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From: Cédric Venet (cedric.venet_at_[hidden])
Date: 2007-06-19 03:00:03

Quoting Jeremy Maitin-Shepard <jbms_at_[hidden]>:

> Rene Rivera <grafikrobot_at_[hidden]> writes:
>> You just described the Boost.Format library.
> The boost format library may be pretty good. It could presumably be
> adapted to work on top of a different set of backend facilities for
> formatting various types to character strings/streams, as opposed to
> being based on the iostreams system,

boost.format seems to be unknow or not liked, anyways, it didn't seems
like a reference. However, it should solve a majority of the need.
Just it's not efficient (somethings like 3 or 4 times slower that
printf from the doc if I recall correctly). For most application, this
wouldn't be a problem. But sometimes it can. we could imagine
something like:

cout << format("var ",_s," =3D ",_h<8>,";")%v.n%v.v << endl;
cout << format("var ",_s," =3D ",_h<8>,";")(v.n,v.v) << endl;
cout << format("var "%_s%" =3D "%_h<8>%";",v.n,v.v) << endl;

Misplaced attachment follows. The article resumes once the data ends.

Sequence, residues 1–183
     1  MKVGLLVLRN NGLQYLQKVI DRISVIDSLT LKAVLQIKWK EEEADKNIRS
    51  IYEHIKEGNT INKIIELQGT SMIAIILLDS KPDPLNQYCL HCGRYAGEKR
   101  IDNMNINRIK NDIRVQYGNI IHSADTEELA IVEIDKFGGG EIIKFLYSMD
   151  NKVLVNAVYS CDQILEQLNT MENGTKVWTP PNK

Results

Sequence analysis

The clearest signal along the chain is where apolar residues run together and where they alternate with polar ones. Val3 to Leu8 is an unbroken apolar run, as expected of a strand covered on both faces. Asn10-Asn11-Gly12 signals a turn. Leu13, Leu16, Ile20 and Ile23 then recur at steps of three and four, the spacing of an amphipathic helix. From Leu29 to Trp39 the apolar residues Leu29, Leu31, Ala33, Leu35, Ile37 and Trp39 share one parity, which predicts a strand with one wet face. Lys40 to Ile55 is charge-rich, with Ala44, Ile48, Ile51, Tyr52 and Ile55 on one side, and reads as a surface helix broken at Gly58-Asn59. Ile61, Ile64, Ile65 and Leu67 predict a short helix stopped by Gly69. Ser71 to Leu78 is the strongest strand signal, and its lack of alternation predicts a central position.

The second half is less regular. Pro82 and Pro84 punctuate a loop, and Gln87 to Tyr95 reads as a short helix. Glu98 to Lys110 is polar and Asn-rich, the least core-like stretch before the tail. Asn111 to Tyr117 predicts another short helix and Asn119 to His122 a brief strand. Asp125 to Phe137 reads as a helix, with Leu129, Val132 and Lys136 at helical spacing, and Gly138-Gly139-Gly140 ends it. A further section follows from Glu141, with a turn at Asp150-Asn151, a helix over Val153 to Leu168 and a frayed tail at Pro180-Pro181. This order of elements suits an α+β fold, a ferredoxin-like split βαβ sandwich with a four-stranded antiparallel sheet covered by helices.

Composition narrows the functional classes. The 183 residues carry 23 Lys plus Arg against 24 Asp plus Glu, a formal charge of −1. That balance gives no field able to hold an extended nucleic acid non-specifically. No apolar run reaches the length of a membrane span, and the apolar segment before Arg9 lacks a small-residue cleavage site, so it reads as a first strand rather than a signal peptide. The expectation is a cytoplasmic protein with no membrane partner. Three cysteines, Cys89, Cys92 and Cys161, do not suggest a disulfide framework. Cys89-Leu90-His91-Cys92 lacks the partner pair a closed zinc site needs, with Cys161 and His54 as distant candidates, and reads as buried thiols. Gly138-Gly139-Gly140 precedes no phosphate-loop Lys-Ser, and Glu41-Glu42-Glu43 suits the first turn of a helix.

where _s and _h are respectively string and hex integer, the
positionnal and format option could be passed as template or runtime

for user defined type outputing, either use << like boost.format or
define another free funtion which could take additional parameter like
formating option

template<class T,class OPT>
void toString(stream& os, T t, OPT opt) {

this shouldn't be too slow at compile time, but I fear a little code
bloating. There is then a tradeoff speed/size by selecting runtime or
compile time parameter.

Cédric Venet
Jeremy, Sorry for the double post (I dislike this webmail wich ignore  
the reply-to)

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